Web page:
Why Bolivia has a navy

Trip Start Jan 28, 2011
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Trip End Apr 29, 2011


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Where I stayed
Amantani Island homestay

Flag of Peru  ,
Tuesday, March 1, 2011

We jumped on a (surprisingly comfortable) bus from Cusco and headed to Puno. Our experience of Puno was initially bright and sunny - enough to get changed into shorts, T-shirts and sunglasses for a look around town. That lasted about 5 minutes then a big black cloud appeared and promptly emptied itself in hail form, giving us an ideal excuse for a cerveza and an early dinner of alpaca. The next day we boarded our peddle-powered tuk tuks at 7.30am for the trip down to the port to spend the next two days on Lake Titicaca.

First stop was the floating  Uros islands. These are islands (around 50 of them) made of floating reed beds (about a metre or so thick, with 2 metres of cut reeds on top) anchored into place about a one hour boat trip into the 6500km2 lake. We are still at nearly 4km high too. The Ayamara people fled to the reeds to avoid the Spanish conquistadors who were wanting to enslave them, and have maintained floating islands ever since. The islands are now mainly a tourist attraction, with tourism the prime source of income for the Uros islanders. We had a history lesson on the islands, then a boat trip on the ´bus´ to another of the floating islands, which had a trout farm, excellent pollo sandwiches, a sheep, and most surprising, a public telephone (a mobile landline?).

We then headed off further into the lake making for Amantani Island, where we were to stay the night with a local family. We met out host, Patricia, at the harbour and walked up the hill to her home. There we gave gifts to her and her children (only the youngest of whom was there at the time) and were fed what would be the first of our Amantani double carb meals - quinoa and veg soup, followed by potatoes, rice and fried cheese, washed down with fresh mint tea. Our very limited Spanish meant a few awkward silences, but the presence of small children attempting to blow up balloons (the most popular of the gifts by far) helped a lot! After the carb-loading lunch we headed up to the football stadium for the start of a walk up Pachatata hill (Pachamama - mother Earth´s other half), where custom had it that you should circumnavigate the summit three times anti-clockwise and make a wish. Duly completed we headed back down to Patricia´s for another carb attack, and met the other children and her mum!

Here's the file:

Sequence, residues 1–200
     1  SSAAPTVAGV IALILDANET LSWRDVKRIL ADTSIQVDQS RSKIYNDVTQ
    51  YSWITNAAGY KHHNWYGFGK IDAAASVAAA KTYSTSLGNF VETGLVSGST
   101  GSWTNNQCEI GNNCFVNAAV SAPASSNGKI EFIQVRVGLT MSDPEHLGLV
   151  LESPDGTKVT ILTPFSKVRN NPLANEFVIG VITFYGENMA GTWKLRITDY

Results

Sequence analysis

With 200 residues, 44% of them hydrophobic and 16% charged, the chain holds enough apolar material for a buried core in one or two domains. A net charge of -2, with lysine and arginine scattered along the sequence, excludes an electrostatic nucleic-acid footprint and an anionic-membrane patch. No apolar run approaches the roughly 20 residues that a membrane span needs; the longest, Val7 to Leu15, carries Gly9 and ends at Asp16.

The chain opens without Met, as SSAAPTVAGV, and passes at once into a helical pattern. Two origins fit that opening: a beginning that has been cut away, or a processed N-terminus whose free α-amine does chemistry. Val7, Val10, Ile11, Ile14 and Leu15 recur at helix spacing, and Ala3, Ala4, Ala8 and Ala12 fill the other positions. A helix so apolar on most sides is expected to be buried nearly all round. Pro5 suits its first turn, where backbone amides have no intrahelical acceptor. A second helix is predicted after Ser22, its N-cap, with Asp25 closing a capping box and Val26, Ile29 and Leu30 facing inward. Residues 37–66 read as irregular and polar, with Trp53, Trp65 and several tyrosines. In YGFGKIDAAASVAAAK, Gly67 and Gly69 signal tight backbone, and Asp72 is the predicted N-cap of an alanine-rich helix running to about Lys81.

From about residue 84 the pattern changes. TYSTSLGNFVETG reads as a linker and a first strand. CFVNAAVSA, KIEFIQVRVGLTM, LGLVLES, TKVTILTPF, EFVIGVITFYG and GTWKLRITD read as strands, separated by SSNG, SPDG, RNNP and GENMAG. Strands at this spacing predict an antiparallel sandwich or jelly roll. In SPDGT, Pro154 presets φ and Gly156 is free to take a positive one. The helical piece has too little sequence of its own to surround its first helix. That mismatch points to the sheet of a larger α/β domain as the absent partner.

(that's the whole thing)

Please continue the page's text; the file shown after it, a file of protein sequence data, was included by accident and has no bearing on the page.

After dinner was party time - outfits were brought up to our bedroom. Pete´s involved a huge poncho, but Helen´s was a little more involved - full campesina get-up. We headed up to the school hall / social club, guided by the sound of the band for some Amantani style dancing and a couple of massive bottles of beer. The dancing seemed to mainly involve two, arm swinging moves, which were easy enough to master, but then there would be some more complex, whole group moves which would through us. We were about as good at it as we at Ceilidh, though it was a lot more fun. Although it was pretty cold outside, dancing around a packed hall at 3800m in either a heavy poncho or several layers of campesina skirts made it pretty hot and tiring stuff. We were also given a demonstration of a couple of traditional Amantani dances - one which involved the women dragging the men along like unruly horses and another which involved dancing with some kind of axe.

Went to bed tired and happy, to be woken by really heavy rain drumming on the tin roof above our heads, but we were snug and happy under our 100lb of alpaca blankets.

Pancakes for breakfast and goodbyes to Patricia and family and then we were off to Taquile Island to see men in hats before chugging back to Puno. The men knit the hats on this island, which naturally makes them very expensive. There are different hats, and styles of wearing your hat depending on whether you are single, married, looking for, have a girlfriend, or if you just want to keep the sun out of your eyes!

Tomorrow, more bus fun and Bolivia beckons.
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